What to expect at Doubt

There are no depictions or detailed descriptions of sexual abuse in Doubt; in fact, the characters almost never name the issue directly. The idea of abuse is a fog that envelops the play, an unspoken understanding of its weight implied in every word. Nonetheless, those sensitive to issues of sexual and child abuse may have some difficulty with Doubt.

Those who do join the congregation can expect to find yourselves forming opinions of these characters, perhaps very strong ones bordering on certainty — not unlike Sister Aloysius. And then you'll see a twitch on Schreiber's face or hear the next line or note a reaction from the person sitting next to you, and the doubt will come right back.

What audiences are saying about Doubt

Audiences have positively responded to Doubt thus far; the show had an 89% approval rating on Show-Score at the time of publication. This response aligns with the show's 2005 Broadway premiere, when the play received widespread critical and audience acclaim and multiple awards.

  • "See it if you like short, powerful dramas that ask tough questions--and then leave it up to you to answer them." - Show-Score user stuontheaisle
  • "Blunt yet subtle, the story is full of nuances & empathy for all sides; therefore, we leave the venue with questions: - Did anything happen?? -Does the drama lean on the priest's behavior or instead on the parable & how most of us doubt faith/religion at pivotal moments?" - Show-Score user Elisa 9119
  • "My favorite scene might be the conversation between Aloysius & Mrs. Muller -- an uncompromising woman meeting one who, due to racial identity & life circumstance, perceives such certainty as a privilege." - Show-Score user gostak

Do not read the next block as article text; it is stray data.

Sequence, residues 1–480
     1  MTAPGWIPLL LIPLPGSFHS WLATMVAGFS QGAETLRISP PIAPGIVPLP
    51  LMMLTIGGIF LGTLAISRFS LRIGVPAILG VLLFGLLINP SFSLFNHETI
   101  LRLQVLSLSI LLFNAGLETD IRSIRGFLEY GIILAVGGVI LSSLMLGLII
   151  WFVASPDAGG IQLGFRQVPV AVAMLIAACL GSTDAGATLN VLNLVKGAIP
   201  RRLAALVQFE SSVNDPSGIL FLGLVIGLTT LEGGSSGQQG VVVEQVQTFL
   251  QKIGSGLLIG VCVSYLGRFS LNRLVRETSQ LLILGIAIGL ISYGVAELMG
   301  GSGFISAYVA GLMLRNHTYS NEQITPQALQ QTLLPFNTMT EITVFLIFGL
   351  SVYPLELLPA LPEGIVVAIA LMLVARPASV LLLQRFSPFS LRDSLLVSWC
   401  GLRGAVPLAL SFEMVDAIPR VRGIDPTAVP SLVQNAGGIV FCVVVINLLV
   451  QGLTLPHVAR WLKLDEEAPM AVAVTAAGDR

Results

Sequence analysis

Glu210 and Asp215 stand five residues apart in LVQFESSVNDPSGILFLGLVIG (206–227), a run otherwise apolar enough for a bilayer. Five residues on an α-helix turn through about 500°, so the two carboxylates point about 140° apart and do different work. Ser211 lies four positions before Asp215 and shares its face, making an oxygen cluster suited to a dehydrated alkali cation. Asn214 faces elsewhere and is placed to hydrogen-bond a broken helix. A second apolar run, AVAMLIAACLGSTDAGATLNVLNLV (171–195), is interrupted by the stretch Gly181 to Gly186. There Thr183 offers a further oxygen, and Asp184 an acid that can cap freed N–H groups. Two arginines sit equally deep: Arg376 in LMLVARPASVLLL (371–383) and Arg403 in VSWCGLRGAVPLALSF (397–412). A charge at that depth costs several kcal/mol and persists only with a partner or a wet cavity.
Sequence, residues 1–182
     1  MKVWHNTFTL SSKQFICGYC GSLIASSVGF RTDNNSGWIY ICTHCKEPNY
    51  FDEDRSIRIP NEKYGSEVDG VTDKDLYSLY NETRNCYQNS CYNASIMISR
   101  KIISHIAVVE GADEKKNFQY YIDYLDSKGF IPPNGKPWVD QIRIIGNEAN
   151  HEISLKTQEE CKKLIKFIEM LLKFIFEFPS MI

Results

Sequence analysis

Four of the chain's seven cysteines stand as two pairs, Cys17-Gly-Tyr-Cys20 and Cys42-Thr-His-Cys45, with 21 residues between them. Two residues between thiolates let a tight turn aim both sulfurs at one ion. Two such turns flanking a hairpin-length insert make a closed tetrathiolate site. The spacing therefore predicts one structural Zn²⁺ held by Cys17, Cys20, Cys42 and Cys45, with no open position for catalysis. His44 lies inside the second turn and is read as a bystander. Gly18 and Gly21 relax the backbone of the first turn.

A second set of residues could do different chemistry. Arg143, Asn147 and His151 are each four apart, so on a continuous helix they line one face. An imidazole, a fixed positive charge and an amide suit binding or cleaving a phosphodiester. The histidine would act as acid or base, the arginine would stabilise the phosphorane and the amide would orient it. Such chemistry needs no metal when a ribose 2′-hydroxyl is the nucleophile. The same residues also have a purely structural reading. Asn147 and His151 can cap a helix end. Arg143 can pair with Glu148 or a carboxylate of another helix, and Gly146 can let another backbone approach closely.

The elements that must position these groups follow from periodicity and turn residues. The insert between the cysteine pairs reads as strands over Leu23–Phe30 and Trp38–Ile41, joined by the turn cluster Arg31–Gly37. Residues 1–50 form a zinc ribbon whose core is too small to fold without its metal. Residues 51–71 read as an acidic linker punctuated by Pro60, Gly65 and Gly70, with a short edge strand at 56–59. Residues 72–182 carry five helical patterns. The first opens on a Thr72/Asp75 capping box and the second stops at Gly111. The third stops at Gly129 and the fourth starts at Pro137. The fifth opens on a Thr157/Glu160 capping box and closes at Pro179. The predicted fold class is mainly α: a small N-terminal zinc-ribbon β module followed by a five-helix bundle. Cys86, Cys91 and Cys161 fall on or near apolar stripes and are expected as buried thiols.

• "Don't see it if you want something cutting edge. This shows its age a bit and would probably hit harder in a smaller venue." - Show-Score user ArnoldNeild
  • "I saw the show with [Amy Ryan's understudy] Isabel Keating and she gave such a powerful and commanding performance." - Show-Score user Birdie123

Read more audience reviews of Doubt on Show-Score.

Who should see Doubt

  • Any playgoer should see Doubt. It's not just a modern theatrical classic — it's one that remains every bit as gripping, timely, and well-acted as ever in director Scott Ellis's revival.
  • Fans of recent Off-Broadway shows like Covenant and Your Own Personal Exegesis (both excellent) might enjoy Doubt, a kind of predecessor. They all have an ever-rich theme in common: the sacred and the profane.

Learn more about Doubt off Broadway

Doubt's many complexities continue to swirl in my mind days after I attended the show. One thing of which I have no doubt, though, is that Doubt delivers a riveting, well-acted, and utterly unmissable night at the theatre.

Learn more and get Doubt tickets on New York Theatre Guide. Doubt is at the Todd Haimes Theatre through April 21.

Additional Doubt content

Photo credit: Amy Ryan, Zoe Kazan, and Liev Schreiber in Doubt. (Photo by Joan Marcus)

Originally published on